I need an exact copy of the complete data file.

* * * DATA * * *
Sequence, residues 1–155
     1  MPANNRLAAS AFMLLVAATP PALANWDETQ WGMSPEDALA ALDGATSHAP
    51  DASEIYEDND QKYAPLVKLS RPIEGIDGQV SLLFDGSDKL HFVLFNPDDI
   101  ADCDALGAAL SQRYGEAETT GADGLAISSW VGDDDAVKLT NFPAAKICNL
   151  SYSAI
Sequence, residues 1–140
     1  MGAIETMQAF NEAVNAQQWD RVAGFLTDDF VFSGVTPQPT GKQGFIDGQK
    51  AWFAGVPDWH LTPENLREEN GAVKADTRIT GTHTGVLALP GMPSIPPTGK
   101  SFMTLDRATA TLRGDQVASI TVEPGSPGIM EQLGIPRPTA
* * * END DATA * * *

Sequence, residues 1–155
     1  MPANNRLAAS AFMLLVAATP PALANWDETQ WGMSPEDALA ALDGATSHAP
    51  DASEIYEDND QKYAPLVKLS RPIEGIDGQV SLLFDGSDKL HFVLFNPDDI
   101  ADCDALGAAL SQRYGEAETT GADGLAISSW VGDDDAVKLT NFPAAKICNL
   151  SYSAI
Sequence, residues 1–140
     1  MGAIETMQAF NEAVNAQQWD RVAGFLTDDF VFSGVTPQPT GKQGFIDGQK
    51  AWFAGVPDWH LTPENLREEN GAVKADTRIT GTHTGVLALP GMPSIPPTGK
   101  SFMTLDRATA TLRGDQVASI TVEPGSPGIM EQLGIPRPTA